Laura Avery chats with Amelia Saltsman, author of The Santa Monica Farmers’ Market Cookbook: Seasonal Foods, Simple Recipes, and Stories from the Market and Farm, about making applesauce to garnish tasty potato latkes (see recipe in the next segment) and appetizers for the holidays.
Makes about 3 cups
3 lbs (8-9) tart apples such as Spitzenberg or Winesap
Few sprigs thyme (optional)
Ground cinnamon or nutmeg (optional)
2 to 3 Tablespoons water, fresh lemon juice, Calvados, hard cider or dessert wine
Preheat oven to 375°F. Cut apples in half vertically and core them. Place the halves, cut side down, in one or more large shallow baking pans, spacing them 1 to 2 inches apart. Scatter thyme among apples. Cover pan tightly with aluminum foil.
Bake apples until tender, about 30 minutes. When cool enough to handle, slip fruits from their skins back into pan, scraping any pulp from peels. Discard skins and thyme. Mash apples with a fork, stirring in a bit of water, lemon juice, or Calvados to help scrape up any brown bits in the pan and to lighten the texture of the applesauce. Season to taste with cinnamon or nutmeg, if desired. Serve warm, room temperature, or cold.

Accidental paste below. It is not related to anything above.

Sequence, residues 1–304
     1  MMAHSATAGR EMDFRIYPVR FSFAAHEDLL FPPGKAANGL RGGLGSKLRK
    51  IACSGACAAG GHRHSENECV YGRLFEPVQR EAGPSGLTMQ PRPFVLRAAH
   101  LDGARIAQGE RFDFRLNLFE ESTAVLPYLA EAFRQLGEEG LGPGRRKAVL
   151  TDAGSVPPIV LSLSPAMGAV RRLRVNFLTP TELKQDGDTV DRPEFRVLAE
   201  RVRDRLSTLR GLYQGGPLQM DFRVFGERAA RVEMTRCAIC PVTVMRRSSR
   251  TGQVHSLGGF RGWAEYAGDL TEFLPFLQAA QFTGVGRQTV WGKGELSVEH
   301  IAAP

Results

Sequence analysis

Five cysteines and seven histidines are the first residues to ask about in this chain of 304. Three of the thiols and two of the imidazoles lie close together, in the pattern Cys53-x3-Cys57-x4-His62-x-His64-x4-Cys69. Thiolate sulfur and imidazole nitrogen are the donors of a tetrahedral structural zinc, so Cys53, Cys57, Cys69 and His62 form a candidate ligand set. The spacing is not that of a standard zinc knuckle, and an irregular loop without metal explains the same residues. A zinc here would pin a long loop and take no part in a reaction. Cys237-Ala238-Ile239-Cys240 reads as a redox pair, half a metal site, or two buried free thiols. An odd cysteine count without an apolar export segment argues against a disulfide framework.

Adapted from The Santa Monica Farmers’ Market Cookbook: Seasonal Foods, Simple Recipes, and Stories from the Market and Farm by Amelia Saltsman (Blenheim Press, 2007).
Fast and Fabulous Holiday Appetizer Ideas from the Farmers’ Market
• Stuff dates with walnut halves and a piece of salty hard cheese such as Winchester Aged Gouda or Redwood Hill Gravenstein Gold. Or, shave large, thin slices of cheese, lay on serving plate, top with walnut-stuffed dates, and drizzle with La Vigne walnut oil and a few grinds of black pepper. Would be nice with mandarin sections.
• Place slabs of Bubalis Bubalis buffala ricotta or a mound of Redwood chevre on serving platter. Scatter slivers of dried red plums from Betty Kennedy and shelled, salted Santa Barbara pistachios, and if desired, top with a drizzle of emerald pistachio oil and a sprinkling of fleur de sel or other crunchy sea salt.
• Camillia, Crottin, or Bucheret with dried fruits, and the nut of your choice
• Platter of prosciutto (okay, that’s not from the market) with slices of Fuyu persimmons and cracked black pepper
• Sauté green, black, or a mix of Adams Ranch olives in a little olive oil along with some herbs—a couple fresh bay leaves, a few thyme and/or rosemary sprigs—and lemon zest. Toss in some almonds too, if you like.
Music break: Acapulco by Les Baxter